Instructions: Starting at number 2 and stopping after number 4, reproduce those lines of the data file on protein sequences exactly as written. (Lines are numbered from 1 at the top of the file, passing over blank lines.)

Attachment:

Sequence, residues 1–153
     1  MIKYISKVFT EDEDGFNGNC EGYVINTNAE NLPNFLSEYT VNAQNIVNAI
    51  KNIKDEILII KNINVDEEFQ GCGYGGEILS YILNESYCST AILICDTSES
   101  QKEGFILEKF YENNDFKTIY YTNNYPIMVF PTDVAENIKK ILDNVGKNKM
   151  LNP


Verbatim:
     1  MIKYISKVFT EDEDGFNGNC EGYVINTNAE NLPNFLSEYT VNAQNIVNAI
    51  KNIKDEILII KNINVDEEFQ GCGYGGEILS YILNESYCST AILICDTSES
   101  QKEGFILEKF YENNDFKTIY YTNNYPIMVF PTDVAENIKK ILDNVGKNKM